Elsewhere it could be argued that the major theme of this set is surprises as it seems nary a moment goes by when something revelatory punctuating a major scene. Nothing will be given away here but suffice to say, not all of them concern the Straw Hats and they certainly will engender a range of reactions from audiences as they do the cast.

Anyone who has kept track of the One Piece films as they have been released in the UK will know that the crew get not just a new member but a new ship. This isn’t an incidental matter, forming the foundation of the final episodes, demonstrating another strength to Oda’s writing, in how he makes every major development feel important and worthwhile.

One slight presentation issue that requires attention is the with the credits. For some reason the opening credits are 2 ½ minutes long (apparently merged with the end credits) before a brief recap of the show’s central premise then a longer recap of the previous episode. All told, the first five minutes of each chapter is therefore skippable, which does make it seem like we are being short changed.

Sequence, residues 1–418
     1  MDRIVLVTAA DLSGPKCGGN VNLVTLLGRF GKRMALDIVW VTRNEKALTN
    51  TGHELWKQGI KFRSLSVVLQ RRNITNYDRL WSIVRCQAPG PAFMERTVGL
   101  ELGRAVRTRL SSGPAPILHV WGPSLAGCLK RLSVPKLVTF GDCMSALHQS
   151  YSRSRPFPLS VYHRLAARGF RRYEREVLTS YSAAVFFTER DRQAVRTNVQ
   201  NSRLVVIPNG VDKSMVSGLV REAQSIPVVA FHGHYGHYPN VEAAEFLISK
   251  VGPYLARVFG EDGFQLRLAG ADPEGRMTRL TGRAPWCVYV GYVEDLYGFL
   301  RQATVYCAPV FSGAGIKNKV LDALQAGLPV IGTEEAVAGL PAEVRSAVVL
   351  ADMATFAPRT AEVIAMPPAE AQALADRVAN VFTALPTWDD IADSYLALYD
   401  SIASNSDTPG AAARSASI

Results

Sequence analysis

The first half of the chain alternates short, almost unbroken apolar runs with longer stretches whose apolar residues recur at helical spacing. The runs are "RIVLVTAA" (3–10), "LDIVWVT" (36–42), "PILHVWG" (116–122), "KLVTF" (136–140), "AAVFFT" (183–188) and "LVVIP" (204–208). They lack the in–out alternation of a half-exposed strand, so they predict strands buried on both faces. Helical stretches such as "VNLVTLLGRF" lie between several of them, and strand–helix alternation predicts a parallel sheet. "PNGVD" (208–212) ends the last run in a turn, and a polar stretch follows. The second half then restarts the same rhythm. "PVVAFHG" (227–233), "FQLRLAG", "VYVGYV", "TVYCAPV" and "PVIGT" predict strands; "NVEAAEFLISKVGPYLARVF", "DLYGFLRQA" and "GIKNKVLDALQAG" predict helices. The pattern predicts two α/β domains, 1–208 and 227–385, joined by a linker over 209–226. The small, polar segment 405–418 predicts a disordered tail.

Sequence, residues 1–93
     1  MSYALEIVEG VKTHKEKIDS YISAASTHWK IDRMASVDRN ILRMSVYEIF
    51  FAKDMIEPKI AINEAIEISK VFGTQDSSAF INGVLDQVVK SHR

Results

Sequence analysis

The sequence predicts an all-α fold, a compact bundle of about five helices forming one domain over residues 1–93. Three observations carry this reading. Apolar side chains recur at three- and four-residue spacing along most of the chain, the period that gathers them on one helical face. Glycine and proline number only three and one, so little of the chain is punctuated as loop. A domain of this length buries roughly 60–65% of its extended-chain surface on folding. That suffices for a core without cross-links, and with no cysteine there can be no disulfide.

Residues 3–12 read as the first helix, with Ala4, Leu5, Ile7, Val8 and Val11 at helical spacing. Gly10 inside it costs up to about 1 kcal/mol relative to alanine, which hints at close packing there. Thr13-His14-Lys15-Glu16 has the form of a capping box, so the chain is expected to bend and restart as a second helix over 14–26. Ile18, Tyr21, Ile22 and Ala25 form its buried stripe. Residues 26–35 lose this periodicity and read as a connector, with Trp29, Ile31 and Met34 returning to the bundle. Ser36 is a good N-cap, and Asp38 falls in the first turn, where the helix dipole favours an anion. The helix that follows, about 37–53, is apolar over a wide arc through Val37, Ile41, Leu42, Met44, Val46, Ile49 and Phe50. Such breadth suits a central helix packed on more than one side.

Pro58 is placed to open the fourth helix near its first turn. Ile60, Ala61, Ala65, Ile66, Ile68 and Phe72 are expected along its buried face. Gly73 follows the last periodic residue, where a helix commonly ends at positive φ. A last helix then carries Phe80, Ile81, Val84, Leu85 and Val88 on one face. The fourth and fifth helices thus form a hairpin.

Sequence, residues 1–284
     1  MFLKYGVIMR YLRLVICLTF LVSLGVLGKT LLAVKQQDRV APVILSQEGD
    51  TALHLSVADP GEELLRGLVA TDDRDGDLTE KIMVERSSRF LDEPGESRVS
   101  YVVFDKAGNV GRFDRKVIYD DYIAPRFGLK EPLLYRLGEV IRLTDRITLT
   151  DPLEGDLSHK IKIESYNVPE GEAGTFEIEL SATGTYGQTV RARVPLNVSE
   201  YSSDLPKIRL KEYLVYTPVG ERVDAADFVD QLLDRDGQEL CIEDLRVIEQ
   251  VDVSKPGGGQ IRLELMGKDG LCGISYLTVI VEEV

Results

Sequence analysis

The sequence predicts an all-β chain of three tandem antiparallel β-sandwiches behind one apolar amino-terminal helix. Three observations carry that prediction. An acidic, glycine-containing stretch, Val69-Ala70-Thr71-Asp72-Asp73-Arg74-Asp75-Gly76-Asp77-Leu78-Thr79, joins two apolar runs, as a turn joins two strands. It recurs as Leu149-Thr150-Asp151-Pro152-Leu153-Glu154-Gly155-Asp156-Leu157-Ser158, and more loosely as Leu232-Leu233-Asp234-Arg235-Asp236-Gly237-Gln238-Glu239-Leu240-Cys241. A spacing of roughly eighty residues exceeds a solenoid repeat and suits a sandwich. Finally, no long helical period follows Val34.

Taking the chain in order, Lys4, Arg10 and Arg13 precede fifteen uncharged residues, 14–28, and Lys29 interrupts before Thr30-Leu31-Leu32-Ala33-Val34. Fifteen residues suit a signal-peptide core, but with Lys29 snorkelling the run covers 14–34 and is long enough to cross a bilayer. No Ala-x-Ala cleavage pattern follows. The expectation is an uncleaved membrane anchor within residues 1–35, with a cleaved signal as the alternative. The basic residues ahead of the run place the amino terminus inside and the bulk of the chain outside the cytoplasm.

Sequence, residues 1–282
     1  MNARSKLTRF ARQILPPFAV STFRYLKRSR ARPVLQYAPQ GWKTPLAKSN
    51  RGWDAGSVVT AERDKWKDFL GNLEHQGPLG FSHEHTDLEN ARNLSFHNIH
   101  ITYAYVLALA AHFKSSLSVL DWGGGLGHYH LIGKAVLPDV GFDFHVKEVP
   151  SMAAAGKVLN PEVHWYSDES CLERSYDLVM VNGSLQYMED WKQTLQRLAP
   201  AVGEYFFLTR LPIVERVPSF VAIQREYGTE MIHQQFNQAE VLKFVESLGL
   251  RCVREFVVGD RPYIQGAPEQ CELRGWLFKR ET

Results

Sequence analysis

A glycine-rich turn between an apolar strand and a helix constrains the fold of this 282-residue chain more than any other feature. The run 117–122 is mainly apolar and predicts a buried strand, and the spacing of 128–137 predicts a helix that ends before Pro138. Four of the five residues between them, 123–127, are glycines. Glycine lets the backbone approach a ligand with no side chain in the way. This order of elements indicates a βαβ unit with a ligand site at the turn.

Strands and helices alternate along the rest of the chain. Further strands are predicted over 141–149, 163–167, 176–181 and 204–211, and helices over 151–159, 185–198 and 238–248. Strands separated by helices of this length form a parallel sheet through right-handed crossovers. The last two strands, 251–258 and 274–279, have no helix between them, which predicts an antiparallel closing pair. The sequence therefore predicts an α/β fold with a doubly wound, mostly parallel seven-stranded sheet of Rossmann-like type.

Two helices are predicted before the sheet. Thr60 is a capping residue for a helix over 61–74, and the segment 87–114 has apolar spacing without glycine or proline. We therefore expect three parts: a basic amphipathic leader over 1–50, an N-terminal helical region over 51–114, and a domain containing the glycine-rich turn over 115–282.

But the show and its characters are so endearing and immensely entertaining that all is forgiven and we fall right back into that comfortable groove and into the heart of the action without missing a beat.

It has been a long time coming and some revision of the plot will be in order but it doesn’t take long for viewers to become reacclimatised to the story and the One Piece magic that has capture our hearts over the past three years here in the UK.

Here’s hoping part 14 isn’t another year away…

 

Extras:

English Language 5.1 Surround

Japanese Language Stereo

English Subtitles

 

Disc 1:

Episode 300 Commentary

Episode 301 Commentary

 

Disc 2:

Textless Opening – “Crazy Rainbow”

One Piece In The Booth with Brina Palencia

 

Disc 3:

Episode 317 Commentary

Episode 319 Commentary

 

Disc 4:

Textless Opening – “Crazy Rainbow”

One Piece In The Booth with Coleen Clinkenbeard

 

Rating – ****

Man In Black

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2 thoughts on “One Piece Collection 13

  1. Wow, I thought the Akame Ga Kill gap between releases was bad. A DVD coming out in October instead of February is way too long of a delay, especially for a big name property like One Piece.

    Like